The body of 15-year-old Tina Fontaine was pulled from the Red River near the Alexander Docks in Winnipeg. Her body was wrapped in a bag. For many Canadians, her death was their wake-up call. This, paired with the shift in government from Prime Minister Harper to the liberal Trudeau, opened the opportunity for an inquiry.

“Harper … was never going to do this from the get-go, and he was in office for 12 years,” Cywink said. “They’ve asked for an inquiry since the early ’90s. It’s fallen on deaf ears.”

It was after Fontaine’s case that Harper made a statement on the missing and murdered indigenous women, saying he opposed a national inquiry and that the situation was best handled by police.

But ultimately, it was the tireless work of indigenous rights activists that finally brought the issue to light.

“Over a quarter of a century, do you believe that?” Cywink said. “That’s half of my life that I’ve been marching. Why now? They should have done this a long time ago. We needed it 25 years ago.”

The inquiry will commission research and testimony on the missing and murdered indigenous women in Canada. It’s meant to yield recommendations on how to remedy the situation.

But while there was a hard push for the national inquiry and it received the support of most Canadians, most are cynical about its outcome.

According to a poll conducted by the Angus Reid Institute, 79 percent of Canadians supported the inquiry, but 48 percent of those polled were pessimistic about the outcome of the inquiry; 35 percent called the problem “basically unresolvable.”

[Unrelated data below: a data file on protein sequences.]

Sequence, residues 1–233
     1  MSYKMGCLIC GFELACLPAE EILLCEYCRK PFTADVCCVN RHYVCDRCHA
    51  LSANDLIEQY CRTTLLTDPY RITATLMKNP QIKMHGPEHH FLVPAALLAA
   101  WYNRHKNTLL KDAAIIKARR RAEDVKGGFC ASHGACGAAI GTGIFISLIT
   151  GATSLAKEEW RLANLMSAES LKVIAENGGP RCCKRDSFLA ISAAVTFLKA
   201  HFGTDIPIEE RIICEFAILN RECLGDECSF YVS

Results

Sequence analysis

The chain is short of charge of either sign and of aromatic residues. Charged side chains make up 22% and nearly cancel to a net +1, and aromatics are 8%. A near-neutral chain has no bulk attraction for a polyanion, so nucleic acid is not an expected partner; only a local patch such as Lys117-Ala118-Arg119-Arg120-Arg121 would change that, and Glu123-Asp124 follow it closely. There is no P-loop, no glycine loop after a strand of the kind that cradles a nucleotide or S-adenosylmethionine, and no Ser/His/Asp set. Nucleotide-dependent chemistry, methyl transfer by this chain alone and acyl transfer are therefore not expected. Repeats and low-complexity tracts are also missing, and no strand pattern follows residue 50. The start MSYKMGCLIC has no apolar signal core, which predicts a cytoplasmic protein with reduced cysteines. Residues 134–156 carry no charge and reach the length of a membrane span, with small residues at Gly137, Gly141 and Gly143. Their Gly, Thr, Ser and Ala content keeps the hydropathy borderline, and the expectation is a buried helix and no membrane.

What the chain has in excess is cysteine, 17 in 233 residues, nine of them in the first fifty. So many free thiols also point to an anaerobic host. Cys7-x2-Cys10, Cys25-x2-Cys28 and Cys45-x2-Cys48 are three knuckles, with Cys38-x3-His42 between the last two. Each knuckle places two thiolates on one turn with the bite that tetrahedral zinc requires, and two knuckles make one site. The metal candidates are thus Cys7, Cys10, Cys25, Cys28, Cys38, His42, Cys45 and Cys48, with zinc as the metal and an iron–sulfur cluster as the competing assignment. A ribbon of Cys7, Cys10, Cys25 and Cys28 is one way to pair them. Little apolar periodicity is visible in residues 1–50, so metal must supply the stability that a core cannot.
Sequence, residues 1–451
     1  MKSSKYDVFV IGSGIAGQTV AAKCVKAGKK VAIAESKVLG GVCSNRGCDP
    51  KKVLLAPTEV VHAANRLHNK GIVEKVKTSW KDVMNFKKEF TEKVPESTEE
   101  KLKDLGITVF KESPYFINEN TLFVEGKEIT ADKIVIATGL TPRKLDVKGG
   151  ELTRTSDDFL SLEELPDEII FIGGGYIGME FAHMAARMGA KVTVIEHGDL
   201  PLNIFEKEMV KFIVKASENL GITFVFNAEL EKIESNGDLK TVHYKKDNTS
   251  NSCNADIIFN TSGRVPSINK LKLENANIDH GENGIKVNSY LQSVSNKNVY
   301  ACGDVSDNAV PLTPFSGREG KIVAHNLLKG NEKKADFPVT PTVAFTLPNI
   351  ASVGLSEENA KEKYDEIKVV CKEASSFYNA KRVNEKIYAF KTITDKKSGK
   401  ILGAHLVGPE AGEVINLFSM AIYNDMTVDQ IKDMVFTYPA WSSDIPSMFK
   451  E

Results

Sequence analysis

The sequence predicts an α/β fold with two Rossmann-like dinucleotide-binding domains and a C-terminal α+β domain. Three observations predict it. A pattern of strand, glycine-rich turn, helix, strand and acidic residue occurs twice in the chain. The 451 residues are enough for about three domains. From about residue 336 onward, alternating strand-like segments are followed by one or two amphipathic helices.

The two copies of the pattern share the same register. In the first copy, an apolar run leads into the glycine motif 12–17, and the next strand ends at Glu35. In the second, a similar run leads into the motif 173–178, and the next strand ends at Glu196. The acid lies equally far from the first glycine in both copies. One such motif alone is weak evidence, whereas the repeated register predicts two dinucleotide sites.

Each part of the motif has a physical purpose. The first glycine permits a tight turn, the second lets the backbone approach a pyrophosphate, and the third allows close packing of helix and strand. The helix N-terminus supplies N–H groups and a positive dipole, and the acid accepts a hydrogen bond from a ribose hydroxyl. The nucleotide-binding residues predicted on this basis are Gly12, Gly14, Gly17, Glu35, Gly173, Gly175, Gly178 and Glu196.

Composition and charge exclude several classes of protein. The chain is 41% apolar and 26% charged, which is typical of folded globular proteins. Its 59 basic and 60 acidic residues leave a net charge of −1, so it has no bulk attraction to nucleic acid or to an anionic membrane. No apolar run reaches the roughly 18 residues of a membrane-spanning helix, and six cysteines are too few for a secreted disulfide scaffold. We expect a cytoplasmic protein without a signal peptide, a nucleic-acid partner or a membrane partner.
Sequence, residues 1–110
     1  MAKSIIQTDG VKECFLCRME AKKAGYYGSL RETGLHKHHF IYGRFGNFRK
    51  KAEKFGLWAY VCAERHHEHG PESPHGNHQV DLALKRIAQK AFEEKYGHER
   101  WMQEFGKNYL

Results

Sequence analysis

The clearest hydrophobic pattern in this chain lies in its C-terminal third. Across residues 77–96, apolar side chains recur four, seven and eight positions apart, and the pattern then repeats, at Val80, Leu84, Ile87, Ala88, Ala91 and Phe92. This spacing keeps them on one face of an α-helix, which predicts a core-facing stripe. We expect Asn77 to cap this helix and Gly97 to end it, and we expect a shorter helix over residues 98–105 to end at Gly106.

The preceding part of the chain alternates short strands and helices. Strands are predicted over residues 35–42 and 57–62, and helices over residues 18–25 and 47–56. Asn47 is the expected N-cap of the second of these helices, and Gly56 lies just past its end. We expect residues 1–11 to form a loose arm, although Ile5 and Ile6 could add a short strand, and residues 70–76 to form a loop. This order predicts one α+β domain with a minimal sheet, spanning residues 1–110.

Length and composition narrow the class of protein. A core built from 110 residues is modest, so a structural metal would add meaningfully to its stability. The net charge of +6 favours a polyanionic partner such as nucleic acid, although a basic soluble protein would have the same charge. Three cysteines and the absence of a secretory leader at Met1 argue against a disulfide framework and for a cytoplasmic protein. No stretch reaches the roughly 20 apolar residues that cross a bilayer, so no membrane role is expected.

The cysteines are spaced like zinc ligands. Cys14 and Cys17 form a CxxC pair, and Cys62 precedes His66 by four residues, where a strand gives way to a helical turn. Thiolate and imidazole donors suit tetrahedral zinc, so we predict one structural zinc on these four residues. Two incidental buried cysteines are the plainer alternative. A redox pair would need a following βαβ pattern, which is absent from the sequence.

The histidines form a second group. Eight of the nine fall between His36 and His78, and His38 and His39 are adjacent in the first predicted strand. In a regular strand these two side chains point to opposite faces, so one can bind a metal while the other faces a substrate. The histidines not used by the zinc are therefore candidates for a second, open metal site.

Cywink shares this skepticism. She attended an event in Winnipeg before the formal inquiry process kicked off. She described it as, “basically a sham.”

“Not many families got to share their stories,” she said. “We were put at a table with a bunch of bureaucrats.”

She says if the inquiry does not work closely with the families of the victims, the government might as well “flush it down the toilet.”

Meanwhile, the groups that rose up to continue the work — Families of Sisters in Spirit, It Starts With Us, and No More Silence — remain directly involved with the families of victims. Indigenous activists say it’s the families, not the government, who will lead the way to addressing this problem.

Donations to these groups assist in much-needed data collection, paying legal fees of family members, and tracking new cases.

As the national inquiry inches forward, indigenous activists said they hope to be consulted on every part of the process. But recommendations from past inquiries on aboriginal communities have not been heeded, and so doubt remains.

A legacy of colonialism has ravaged Canada’s aboriginal communities — yet they survive to this day. And the advocates involved say they maintain hope for answers.

“If I didn’t have that tiny bit of hope,” Bridget Tolley said, “I wouldn’t be able to go on.”